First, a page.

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Debt-to-GDP ratio expands to 54.5%

Mary Grace Padin - The Philippine Star
Debt-to-GDP ratio expands to 54.5%
Data from the BTr showed the national government’s outstanding debt settled at P9.795 trillion as of end-2020, up P2.063 trillion or 26.7 percent from the end-2019 level of P7.73 trillion.
Philstar.com / Irish Lising

MANILA, Philippines — The share of the country’s debt to gross domestic product (GDP) expanded to 54.5 percent in 2020 as the government ramped up its borrowings to address the debilitating effects of the coronavirus pandemic on the economy, the Bureau of the Treasury (BTr) reported yesterday.

Data from the BTr showed the national government’s outstanding debt settled at P9.795 trillion as of end-2020, up P2.063 trillion or 26.7 percent from the end-2019 level of P7.73 trillion.

Coupled with a record economic contraction of 9.5 percent last year, the debt-to-GDP ratio last year deteriorated from the record-low 39.6 percent in 2019.

The debt-to-GDP ratio is used by debt watchers and credit rating agencies to assess a country’s debt sustainability. A lower ratio indicates the government is generating more resources than debt, giving it more payment capacity.

“The increase in the country’s debt-to-GDP ratio was largely brought about by the COVID-19 pandemic that increased government spending,” Michael Ricafort, chief economist at Rizal Commercial Banking Corp., said.

Along with the slower revenue generation capacity of the government due to the economic effects of the pandemic, the budget deficit widened, thereby necessitating more borrowings, he said. Preliminary government data showed that the country’s deficit swelled to 7.5 percent of GDP last year.

“The country’s 54.5 percent debt-to-GDP ratio is still below the international acceptable threshold of 60 percent of GDP, thereby giving the government greater leeway to increase spending, budget deficits, and overall debt to pump-prime the economy,” he said.

On a month-on-month basis, the government’s debt pile posted a 3.3 percent decline from the P10.13 trillion recorded at the end of November, primarily due to the repayment of its P540-billion short-term loan from the Bangko Sentral ng Pilipinas.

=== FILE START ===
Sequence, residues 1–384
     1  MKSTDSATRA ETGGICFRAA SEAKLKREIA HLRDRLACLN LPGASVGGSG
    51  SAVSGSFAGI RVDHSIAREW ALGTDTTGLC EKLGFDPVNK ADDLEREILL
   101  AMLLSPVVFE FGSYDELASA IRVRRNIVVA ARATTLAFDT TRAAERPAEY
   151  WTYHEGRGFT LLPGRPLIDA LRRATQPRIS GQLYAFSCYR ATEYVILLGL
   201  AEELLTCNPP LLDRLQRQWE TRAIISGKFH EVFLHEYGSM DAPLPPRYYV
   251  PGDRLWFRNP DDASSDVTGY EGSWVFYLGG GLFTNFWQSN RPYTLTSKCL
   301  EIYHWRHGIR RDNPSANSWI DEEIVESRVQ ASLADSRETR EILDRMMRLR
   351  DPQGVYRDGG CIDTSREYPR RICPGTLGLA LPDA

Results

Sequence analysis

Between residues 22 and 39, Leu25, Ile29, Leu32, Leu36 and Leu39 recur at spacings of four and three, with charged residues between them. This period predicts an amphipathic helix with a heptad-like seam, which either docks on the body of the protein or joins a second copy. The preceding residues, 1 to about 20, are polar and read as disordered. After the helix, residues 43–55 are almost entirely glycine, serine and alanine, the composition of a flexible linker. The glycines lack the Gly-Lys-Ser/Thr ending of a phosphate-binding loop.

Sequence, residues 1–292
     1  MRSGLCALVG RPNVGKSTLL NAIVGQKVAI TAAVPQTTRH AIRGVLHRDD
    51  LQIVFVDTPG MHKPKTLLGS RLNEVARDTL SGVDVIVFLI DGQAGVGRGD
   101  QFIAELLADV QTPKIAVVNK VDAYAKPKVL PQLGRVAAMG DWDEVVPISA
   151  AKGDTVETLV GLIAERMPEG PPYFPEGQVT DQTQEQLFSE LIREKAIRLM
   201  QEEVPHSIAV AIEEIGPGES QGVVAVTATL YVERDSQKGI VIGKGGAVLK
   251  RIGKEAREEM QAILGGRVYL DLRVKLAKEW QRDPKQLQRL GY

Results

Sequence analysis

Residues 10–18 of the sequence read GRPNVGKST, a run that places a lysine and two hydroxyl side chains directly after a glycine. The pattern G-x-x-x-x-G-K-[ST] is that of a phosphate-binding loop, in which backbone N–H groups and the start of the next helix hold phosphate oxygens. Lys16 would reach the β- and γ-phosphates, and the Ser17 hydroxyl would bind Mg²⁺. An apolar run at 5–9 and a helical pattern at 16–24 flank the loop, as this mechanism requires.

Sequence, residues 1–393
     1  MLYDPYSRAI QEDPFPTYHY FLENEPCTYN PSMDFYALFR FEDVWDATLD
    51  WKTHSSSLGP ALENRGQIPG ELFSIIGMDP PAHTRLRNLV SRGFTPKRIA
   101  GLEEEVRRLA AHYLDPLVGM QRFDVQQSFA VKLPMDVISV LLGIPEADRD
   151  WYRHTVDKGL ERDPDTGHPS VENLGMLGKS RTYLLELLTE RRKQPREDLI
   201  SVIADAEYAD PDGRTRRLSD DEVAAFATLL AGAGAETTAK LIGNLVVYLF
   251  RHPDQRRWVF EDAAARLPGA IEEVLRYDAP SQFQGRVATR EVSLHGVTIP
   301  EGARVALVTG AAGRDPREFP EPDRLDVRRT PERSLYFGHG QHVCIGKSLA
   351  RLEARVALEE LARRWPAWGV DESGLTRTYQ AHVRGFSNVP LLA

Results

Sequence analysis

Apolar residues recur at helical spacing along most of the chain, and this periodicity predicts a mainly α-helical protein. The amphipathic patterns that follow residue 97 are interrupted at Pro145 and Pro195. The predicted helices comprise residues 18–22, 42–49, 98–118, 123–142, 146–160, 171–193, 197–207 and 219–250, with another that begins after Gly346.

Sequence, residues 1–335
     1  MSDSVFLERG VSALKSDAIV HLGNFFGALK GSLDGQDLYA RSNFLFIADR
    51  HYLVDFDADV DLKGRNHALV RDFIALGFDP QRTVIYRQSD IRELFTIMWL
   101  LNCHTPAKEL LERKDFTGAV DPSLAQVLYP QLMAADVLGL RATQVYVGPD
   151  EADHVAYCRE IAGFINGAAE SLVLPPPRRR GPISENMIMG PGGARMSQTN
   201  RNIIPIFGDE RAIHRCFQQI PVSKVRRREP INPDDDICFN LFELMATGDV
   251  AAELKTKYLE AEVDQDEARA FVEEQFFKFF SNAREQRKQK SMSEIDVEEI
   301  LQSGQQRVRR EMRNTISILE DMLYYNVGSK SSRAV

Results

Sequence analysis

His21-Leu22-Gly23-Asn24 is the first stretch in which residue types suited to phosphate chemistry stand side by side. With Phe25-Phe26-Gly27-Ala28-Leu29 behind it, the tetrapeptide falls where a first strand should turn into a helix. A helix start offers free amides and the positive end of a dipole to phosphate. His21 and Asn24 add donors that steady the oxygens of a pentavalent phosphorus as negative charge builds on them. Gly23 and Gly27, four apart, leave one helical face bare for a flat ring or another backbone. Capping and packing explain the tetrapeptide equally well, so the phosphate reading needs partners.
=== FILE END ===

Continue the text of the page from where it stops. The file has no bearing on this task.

Domestic borrowings amounted to P6.695 trillion, 6.9 percent down from P7.19 trillion in November, but 30.6 percent higher than the P5.13 trillion posted in end-2019.

“The share of domestic debt relative to the total debt stock increased to 68.35 percent from 66.32 percent a year ago as the government continued its reliance on domestic borrowing to meet its financing needs,” the Treasury said.

External debt, meanwhile, accounted for P3.1 trillion or 31.65 percent of the total debt pile. This was higher by 5.4 percent as compared to P2.94 trillion in the previous month, and by 19.1 percent from the end-2019 level of P2.6 trillion.

The Treasury attributed the month-on-month growth to the issuance of US dollar-denominated bonds in the international debt market amounting to an equivalent of P132.06 billion to support the government’s COVID-19 response.

Moreover, the BTr said the appreciation in third-currency denominated debt added P10.67 billion to the peso value of external obligations.

Meanwhile, the Treasury said the national government’s guaranteed obligations rose by 3.5 percent to P458.35 billion in December from P442.83 billion in the month earlier.

“The increment was due to the net availment of domestic guarantees amounting to P27.52 billion, while third currency adjustment added P1.47 billion to the peso value of external guarantees,” the BTr said.

Since the beginning of the year, guarantees dropped by P30.40 billion or 6.2 percent from P488.75 billion in end-2019.

BTR

GDP

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